How long does this unit last for out in the field. The manufactures state 16 hours battery life. To be honest, they are not that far wrong. I have owner many a pocket PDA/GPS for Hiking and this definitely lasts the longest. I have a Road Angel and this lasted a mere 5 hours in the field, not good as we tend to be out walking 15 miles. Garmin does have a nice long battery life and it will do a nice 10 hours of hiking with us. Obviously as the unit gets older the battery life gets less as with any electronic unit. From trying a lot of units this is one of the best for battery life. A way to preserve the battery life is to use it only when needed. I generally know where I am going before I set out, this is a must for safety in the great outdoors so that if you dont return home at the end of the day at least the search teams can be sent in the correct general direction. (that is providing someone has been told where you are going).
      I generally use these units for confirmation of where I am reather than relying on it for a turn by turn navigation. It is essential that a Map and compass is also take in case the battery wipe, thick cloud cover or the unit just stops working.
      How do these units stand up to the eliments. I get a bit nervy about testing these products in the eliments to the extreme. They claim to be completely waterproof, similar tot he Road angel. However I am a wimp, after paying out lots of my hard earned cash for these items I do not want to place them in a bucket of water to test this! However I have used them in the pooring rain and they have withstanded the eliments. I would say that it does become difficult to read the sceen when it is covered in rain drops but at least you know it is not going to be damaged. The manuacturers state that you can place these in a glass of water and they will still work fine. I have seen a Youtube video of someone placing one of the new models in a glass of water and taking a photo as well as navigation the menus. I'm not that brave!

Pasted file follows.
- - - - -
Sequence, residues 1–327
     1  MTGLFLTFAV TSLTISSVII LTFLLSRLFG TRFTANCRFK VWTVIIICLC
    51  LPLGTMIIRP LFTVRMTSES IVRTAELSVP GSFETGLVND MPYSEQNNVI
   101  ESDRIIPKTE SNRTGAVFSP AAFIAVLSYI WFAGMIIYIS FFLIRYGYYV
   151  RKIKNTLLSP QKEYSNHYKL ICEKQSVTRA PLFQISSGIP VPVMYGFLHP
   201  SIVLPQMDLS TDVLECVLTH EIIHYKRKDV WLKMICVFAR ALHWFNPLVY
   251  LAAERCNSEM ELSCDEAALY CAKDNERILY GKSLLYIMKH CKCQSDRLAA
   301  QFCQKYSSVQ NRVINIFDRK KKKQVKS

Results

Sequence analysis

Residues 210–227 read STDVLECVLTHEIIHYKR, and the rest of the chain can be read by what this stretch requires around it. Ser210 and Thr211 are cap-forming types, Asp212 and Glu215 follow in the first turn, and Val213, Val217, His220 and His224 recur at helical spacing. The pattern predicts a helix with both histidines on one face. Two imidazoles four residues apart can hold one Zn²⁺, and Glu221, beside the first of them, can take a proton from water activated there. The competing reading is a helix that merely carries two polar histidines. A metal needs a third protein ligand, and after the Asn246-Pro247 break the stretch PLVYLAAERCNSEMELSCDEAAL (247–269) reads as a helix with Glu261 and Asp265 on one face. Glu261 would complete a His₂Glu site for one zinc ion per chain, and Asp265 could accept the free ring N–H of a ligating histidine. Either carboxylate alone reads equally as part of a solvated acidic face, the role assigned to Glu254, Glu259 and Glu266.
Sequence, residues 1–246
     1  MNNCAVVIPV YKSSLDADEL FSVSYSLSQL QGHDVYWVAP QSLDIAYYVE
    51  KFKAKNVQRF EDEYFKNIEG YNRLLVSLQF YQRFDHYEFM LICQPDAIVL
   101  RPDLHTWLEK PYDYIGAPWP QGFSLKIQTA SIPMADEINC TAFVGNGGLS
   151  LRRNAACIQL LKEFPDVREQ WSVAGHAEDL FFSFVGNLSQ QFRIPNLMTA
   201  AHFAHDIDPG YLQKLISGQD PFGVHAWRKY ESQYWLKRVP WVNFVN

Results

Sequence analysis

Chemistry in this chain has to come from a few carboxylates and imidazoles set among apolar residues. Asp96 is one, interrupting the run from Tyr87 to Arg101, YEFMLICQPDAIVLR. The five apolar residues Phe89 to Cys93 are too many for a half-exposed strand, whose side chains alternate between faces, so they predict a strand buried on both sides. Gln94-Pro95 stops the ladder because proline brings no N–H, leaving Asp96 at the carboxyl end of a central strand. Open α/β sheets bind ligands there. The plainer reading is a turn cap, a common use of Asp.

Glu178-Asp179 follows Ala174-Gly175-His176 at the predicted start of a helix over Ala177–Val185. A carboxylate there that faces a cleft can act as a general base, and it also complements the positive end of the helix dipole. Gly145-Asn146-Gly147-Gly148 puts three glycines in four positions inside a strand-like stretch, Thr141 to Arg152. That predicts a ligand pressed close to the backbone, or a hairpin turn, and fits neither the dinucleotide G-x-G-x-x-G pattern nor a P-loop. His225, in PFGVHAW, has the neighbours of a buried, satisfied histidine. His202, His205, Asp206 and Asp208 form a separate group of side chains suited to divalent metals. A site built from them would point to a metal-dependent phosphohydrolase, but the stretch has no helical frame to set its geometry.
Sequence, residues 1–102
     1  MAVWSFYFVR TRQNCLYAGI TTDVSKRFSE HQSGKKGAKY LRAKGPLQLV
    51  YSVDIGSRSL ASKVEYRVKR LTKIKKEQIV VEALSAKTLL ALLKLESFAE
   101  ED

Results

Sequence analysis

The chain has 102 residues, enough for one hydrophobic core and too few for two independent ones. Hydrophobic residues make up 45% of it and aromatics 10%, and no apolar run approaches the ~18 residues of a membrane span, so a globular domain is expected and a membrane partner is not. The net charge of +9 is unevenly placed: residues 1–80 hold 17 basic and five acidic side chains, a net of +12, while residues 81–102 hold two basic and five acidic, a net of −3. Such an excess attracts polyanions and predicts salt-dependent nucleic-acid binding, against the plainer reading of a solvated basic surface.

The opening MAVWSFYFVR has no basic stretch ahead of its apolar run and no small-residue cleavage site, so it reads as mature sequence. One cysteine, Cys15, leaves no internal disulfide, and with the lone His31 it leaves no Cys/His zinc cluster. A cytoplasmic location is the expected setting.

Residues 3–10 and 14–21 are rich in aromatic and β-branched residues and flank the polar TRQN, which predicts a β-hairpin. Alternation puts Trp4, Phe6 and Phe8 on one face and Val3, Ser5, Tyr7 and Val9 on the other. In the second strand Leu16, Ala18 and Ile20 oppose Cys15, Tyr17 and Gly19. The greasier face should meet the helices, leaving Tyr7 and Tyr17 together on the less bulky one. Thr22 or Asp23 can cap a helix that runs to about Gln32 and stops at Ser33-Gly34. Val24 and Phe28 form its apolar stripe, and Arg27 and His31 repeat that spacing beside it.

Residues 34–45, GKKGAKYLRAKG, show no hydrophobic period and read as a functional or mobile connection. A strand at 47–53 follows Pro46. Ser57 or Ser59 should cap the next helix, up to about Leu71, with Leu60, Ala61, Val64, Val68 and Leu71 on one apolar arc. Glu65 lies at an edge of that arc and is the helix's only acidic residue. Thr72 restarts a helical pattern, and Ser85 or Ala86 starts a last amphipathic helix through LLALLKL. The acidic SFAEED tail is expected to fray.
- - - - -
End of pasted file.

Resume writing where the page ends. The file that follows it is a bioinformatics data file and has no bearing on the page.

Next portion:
For your normal rainy days this works fine! And I am confident that if I drop it in a puddle that it is going to work again after it. This feature really does sell it for me to be honest. I love walking in the rain an so found that iPhone and pocket PCs and PND have fallen far behind at this hurdle. There are cases you can put the iPhone in to keep in water proof which are very good but this is more cost and fiddly. Also the touch screen is difficult to use whenm behind the silicon cover. Dont get me wrong, these cases are very good and particularly for the iPhone they have got some very good cases out there, try aquabox, but for PDA such as the Mio digi walker there ar no such good cases and use have to resort to things like the watertight bags which are a bit cumbersome and dont look very good. They are also hard to place in a pocket as they take up more room.